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School staff inequities | A deal at Deere | DeJoy gets paid | Wildfire burnouts

Thursday, November 18, 2021




► LIVE from the Seattle Times — Coronavirus daily news update, Nov. 18 — The latest count of COVID-19 cases in Washington totals 758,483 infections (14-day average of cases per day: 1,791) and 9,056 deaths.

► From The Hill — OSHA suspends enforcement of COVID-19 vaccine mandate for businesses — The Occupational Safety and Health Administration is suspending enforcement of the Biden administration’s COVID-19 vaccine mandate for large private businesses after a federal appeals court upheld a stay on it last week.

► From the Washington Post — Dozens of health groups urge businesses to voluntarily adopt Biden’s vaccine rule — The American Medical Association and more than 60 other health care associations on Thursday called on employers to voluntarily implement President Biden’s contested vaccine-or-testing mandate, saying businesses had no time to waste ahead of the busy holiday season.

► From the Guardian — ‘Zero-COVID is not going to happen’: Experts predict a steep rise in U.S. cases this winter — Total U.S. deaths from COVID may reach 1 million by spring as vaccination rates remain lower than 60%.




► From the Guardian — School staff shortages disproportionately hitting high-poverty districts: study — During a school year marked by fears of K-12 labor shortages – with nationwide reports of principals driving bus routes, superintendents filling in as substitute teachers and school cafeterias forgoing hot meals due to a lack of workers — a new analysis out of Washington state quantifies the depth of disparities in teacher and staff vacancy rates between high- and low-poverty school systems. The research combed through the job postings listed this fall in three-quarters of Washington school districts, which account for 98% of all students in the state. Poorer districts were in need of paraeducators and transportation workers at roughly twice and three times the rates, respectively, of their more affluent counterparts, the analysis revealed. They were also seeking a higher share of janitors, nurses, special educators and teachers for English language learners, among other roles – posing yet another setback for the very students most in need of catching up on learning missed during the pandemic.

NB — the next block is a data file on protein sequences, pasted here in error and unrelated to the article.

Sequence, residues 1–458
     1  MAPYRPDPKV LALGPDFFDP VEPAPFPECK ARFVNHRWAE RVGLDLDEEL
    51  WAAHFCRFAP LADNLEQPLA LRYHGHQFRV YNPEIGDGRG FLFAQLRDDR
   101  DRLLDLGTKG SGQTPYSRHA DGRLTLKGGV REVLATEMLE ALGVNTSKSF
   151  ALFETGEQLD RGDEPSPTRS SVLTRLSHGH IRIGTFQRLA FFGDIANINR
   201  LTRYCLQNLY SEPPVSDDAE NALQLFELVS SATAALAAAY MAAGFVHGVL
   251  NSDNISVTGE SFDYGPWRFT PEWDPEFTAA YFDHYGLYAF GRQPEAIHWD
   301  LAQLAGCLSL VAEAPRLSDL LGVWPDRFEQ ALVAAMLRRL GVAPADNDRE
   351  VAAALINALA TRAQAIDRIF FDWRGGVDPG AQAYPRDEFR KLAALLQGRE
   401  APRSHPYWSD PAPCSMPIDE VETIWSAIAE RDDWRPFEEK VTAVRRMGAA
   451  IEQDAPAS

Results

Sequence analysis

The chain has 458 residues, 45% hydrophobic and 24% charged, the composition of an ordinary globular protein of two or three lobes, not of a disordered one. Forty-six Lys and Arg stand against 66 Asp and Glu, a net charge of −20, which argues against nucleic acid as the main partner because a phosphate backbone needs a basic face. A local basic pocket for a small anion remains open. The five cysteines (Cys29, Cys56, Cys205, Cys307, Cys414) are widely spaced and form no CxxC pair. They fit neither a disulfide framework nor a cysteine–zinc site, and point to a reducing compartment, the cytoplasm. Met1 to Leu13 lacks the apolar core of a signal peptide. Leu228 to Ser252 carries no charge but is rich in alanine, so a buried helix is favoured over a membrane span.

► From the Bellingham Herald — Gov. Inslee promises help for Whatcom flood recovery and fight against climate change — Gov. Jay Inslee promised to “aggressively” seek federal aid for Whatcom County and other areas devastated by flooding from a Pineapple Express storm that inundated communities across Western Washington.

► From Bloomberg — Vancouver, B.C., is cut off by road, rail after ‘extraordinary’ storms — Vancouver, Canada’s third-largest city, is cut off from the rest of the country by land after days of storms caused flooding and mudslides that have blocked major highways and rail lines. In response to what local officials are calling the storm of the century, British Columbia declared a state of emergency on Wednesday that will allow it, if necessary, to prohibit nonessential travel, hoarding of goods, and price gouging.

► From the AP — Redistricting panel urges state Supreme Court to look at its maps — The head of Washington’s bipartisan redistricting commission, which failed to meet a deadline for redrawing political maps, urged state Supreme Court justices to still consider their work now that the high court will have to complete the process. The panel had a deadline of 11:59 p.m. Monday to approve new boundaries for congressional and legislative districts after the 2020 census but acknowledged Tuesday it did not complete the task on time.

MORE local redistricting coverage from the union-busting Columbian, Spokesman-Review, and the Yakima H-R.

EDITOR’S NOTE — WSLC Secretary Treasurer April Sims, who served on the Redistricting Commission, released a statement via Twitter (read the whole thread):




► From the NW Labor Press — Diversity in construction? Hire union — When it comes to getting Black, Hispanic, and women workers into high-wage construction careers, union apprenticeship programs in the Portland area are having much greater success than non-union programs. That’s the main finding of a newly released report by the University of Oregon Labor Education and Research Center (LERC).

► From the Spokesman-Review — Spokane-based pharmaceutical manufacturer Jubilant-HollisterStier breaks ground on ‘huge’ expansion — Construction began Wednesday on pharmaceutical manufacturer Jubilant HollisterStier’s $92 million expansion in Spokane that’s expected to create at least 200 new jobs.




► From the PS Business Journal — Boeing lands 20 freighter orders, plans new conversion lines in UK, Canada — The company announced a nine-jet order from global shipping and logistics giant DHL Express for converted 767-300 widebody planes. The order came a day after Boeing announced steps to expand its freighter conversion capacity with new lines in London and Kelowna, B.C.